Get prayer support. I would have remained fearful and frazzled without my prayer support team. Thanks guys!

Take your vitamins. Even good stress is hard on the immune system, and I ended up going to Urgent Care two days upon my return. (Probably because I was an introvert on overload)

Benefits and Blessings

          Meeting local authors

          Opportunity to sign shelved books in local bookstores and gift shops.

–          Networking – (Got featured in summer reading group. They approached me!)

–          Media/newspaper coverage

          Unexpected opportunities – Books placed in church and school libraries

          Purchasing items for future promo.  Of course I bought a handcrafted Amish doll.

          Photographing opportunities for website, blog, and promo use

–          Research for blogging topics

          Gleaning new information about the book industry

–          Ministry – planting spiritual seeds and encouraging readers

–          Personal growth

 

Who are your influencers? Are you building relationships with them? Do you implement the small pond, big splash method for marketing your books?

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How to Plan a Successful Book Signing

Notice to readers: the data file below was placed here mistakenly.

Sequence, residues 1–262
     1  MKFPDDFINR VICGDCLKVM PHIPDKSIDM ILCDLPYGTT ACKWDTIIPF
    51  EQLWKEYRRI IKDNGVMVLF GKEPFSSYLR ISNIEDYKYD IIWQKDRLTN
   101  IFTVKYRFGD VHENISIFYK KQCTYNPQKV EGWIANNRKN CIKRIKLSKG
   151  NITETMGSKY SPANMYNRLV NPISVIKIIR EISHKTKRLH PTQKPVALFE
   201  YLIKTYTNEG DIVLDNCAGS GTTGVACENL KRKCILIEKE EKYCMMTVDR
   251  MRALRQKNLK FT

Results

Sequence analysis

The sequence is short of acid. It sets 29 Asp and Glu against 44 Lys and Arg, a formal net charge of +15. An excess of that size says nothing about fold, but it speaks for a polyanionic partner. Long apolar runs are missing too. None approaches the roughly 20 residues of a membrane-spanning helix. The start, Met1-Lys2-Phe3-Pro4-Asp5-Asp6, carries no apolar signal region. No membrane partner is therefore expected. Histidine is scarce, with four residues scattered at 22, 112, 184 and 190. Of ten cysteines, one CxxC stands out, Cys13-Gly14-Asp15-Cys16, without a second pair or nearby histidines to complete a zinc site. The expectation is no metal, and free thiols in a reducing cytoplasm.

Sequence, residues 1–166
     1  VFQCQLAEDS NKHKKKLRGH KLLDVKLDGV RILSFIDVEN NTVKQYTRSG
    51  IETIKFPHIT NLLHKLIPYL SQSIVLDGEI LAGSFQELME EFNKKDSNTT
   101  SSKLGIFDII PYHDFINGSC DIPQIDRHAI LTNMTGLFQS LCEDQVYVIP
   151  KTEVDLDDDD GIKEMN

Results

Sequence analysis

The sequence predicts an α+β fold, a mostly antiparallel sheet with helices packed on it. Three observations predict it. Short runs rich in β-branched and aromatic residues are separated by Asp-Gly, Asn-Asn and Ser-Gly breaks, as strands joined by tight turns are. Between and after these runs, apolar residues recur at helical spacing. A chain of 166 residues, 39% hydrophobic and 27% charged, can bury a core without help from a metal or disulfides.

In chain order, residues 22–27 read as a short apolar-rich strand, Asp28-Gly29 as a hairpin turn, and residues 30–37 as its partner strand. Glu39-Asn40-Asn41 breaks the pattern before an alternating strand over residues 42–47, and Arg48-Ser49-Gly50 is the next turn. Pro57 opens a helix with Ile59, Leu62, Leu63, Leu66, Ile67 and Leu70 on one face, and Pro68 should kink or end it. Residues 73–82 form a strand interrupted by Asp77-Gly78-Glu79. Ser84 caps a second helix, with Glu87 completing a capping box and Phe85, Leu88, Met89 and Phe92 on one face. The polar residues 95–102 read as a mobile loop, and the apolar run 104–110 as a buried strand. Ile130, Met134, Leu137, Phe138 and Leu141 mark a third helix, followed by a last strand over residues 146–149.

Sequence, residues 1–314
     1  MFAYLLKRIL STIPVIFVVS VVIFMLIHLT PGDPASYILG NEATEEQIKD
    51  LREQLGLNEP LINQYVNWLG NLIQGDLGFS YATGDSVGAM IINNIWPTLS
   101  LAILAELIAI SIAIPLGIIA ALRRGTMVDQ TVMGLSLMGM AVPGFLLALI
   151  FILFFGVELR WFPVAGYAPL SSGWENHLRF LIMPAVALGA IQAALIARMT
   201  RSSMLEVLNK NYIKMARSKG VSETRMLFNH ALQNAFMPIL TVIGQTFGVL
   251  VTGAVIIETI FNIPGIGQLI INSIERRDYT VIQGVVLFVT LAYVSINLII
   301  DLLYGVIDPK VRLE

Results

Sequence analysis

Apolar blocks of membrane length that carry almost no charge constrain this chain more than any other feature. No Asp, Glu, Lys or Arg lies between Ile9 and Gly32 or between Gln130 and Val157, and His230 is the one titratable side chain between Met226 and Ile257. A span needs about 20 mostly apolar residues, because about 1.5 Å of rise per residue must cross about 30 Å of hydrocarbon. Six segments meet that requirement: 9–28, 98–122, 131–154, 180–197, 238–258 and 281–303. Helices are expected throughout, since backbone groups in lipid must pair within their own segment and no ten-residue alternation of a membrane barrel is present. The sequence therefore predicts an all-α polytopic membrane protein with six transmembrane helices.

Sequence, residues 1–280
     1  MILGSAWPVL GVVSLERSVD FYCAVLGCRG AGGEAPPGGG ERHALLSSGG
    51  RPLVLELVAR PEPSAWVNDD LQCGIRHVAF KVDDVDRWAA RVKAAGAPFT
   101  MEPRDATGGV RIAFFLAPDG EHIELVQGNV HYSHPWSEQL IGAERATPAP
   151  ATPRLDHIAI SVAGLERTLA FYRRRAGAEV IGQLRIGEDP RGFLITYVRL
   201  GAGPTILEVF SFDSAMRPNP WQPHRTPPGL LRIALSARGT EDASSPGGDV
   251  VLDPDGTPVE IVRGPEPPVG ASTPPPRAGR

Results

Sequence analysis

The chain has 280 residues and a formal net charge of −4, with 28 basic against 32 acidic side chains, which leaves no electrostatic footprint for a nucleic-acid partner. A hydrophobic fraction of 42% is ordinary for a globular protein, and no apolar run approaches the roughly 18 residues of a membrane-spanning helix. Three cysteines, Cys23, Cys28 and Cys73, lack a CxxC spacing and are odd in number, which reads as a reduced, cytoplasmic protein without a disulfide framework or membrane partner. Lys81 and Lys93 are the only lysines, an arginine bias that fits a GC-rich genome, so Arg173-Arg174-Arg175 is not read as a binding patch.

As a first-time author of two children’s books, God is with Me through the Day and God is with Me through the Night, I was surprised to discover that the most challenging part of the journey was marketing.

I had worked as a marketing writer for years; but marketing my own work was…well…icky. As a friend put it: “It’s a bit like standing in front of the mirror with a stranger and asking them to say nice things about you.”

Despite my reluctance, I was grateful to experience many successful book signings after the launch of my children’s books. When I sold more than 100 books at several signings, the bookstore managers were amazed. They couldn’t believe I was having such strong turnouts as a first-time author.

One Barnes & Noble community resource manager hit the nail on the head when he said he’d never had an author market the event as much as I had. That behind-the-scenes work was responsible for the second-largest signing of his career.